J&J chalks up a win in first Tylenol liver-damage case to go to trial

Johnson & Johnson ($JNJ) scored a victory in the first case to go to trial over claims that its blockbuster painkiller Tylenol causes liver damage and its dosing doesn't adequately account for the risk. A New Jersey jury ruled that the plaintiff did not prove that she took the painkiller.

Jurors dismissed plaintiff Regina Jackson's claims that she spent a week in the hospital for liver damage after accidentally overdosing on Extra Strength Tylenol, concluding that she couldn't prove that she used the J&J product.

But the jury did not rule on Jackson's allegations that the med was defectively designed and could make patients more likely to overdose, Bloomberg reports. Jackson's lawyers argued that J&J and its McNeil Consumer Healthcare unit talked up Tylenol's safety even though it knew the pain reliever could harm people who exceeded the daily dose. The lawsuit contended that the drug's recommended dosage should be two pills three times a day to deter overdosing.

J&J struck back, saying that Tylenol's label warns about liver damage and that the med is safe at the recommended dose--at the time Jackson allegedly used it--of two pills every four hours with a maximum dose of 8 pills a day. The jury's verdict "reflects the facts" of the case, McNeil spokeswoman Jodie Wertheim told the news outlet. "We are committed to providing consumers with safe, effective and high-quality products and recommend consumers always read and follow the product label," she said.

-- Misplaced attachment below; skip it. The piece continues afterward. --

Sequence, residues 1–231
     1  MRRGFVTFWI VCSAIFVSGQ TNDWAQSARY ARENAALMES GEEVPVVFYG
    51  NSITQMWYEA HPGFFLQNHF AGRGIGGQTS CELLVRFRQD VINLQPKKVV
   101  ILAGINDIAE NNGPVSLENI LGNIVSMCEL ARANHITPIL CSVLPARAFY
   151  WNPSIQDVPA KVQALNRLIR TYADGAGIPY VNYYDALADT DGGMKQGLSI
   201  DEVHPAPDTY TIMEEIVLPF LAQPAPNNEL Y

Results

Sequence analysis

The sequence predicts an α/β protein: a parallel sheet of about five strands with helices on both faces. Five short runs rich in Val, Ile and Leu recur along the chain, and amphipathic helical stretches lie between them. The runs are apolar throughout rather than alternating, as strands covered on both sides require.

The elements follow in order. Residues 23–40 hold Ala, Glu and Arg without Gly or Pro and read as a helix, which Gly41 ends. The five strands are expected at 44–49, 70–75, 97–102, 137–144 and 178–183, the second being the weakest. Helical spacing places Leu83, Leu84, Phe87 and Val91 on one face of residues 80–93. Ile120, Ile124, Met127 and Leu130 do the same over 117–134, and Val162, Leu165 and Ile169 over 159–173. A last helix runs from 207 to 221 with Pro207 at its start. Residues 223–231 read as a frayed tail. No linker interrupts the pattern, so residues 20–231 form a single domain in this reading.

The news provides J&J/McNeil with an early win as it stares down about 220 lawsuits in state and federal court in New Jersey and Pennsylvania. The first federal trial is set for next year in Philadelphia, where about 200 of the cases are consolidated, Bloomberg notes.

Still, J&J is not likely to take a financial beating from the suits, Morningstar analyst Damien Conover told the news outlet. "(I)n the totality of the overall business, Tylenol is relatively small because J&J is such a large diversified company," he said. Extra Strength Tylenol brought in about $400 million last year and a regular strength version added $14 million to that haul, but those are small beans compared with the company's other top-sellers.

But "if liver toxicity issues were more significant" for the drug, sales could take a hit, Conover added. And the New Brunswick, NJ-based company continues to deal with liver damage claims linked to the med, especially in the wake of a 2009 FDA panel recommendation that drugmakers lower the maximum daily dose of acetaminophen, Tylenol's main ingredient, because of its potential for liver damage. The agency subsequently cut the daily recommended dose and put safety warnings on the drug's label.

But J&J is working hard to reassure consumers and protect sales for its top-selling brand. In 2011, the company changed dosing instructions on the label of Extra Strength Tylenol from 8 pills a day to 6 "to help encourage appropriate acetaminophen use and reduce the risk of accidental overdose," the company said at the time. In 2014, J&J launched a campaign, dubbed getreliefresponsibly.com, which cautioned individuals against exceeding the maximum daily dose of acetaminophen by combining drugs, Bloomberg reports.

- read the Bloomberg story

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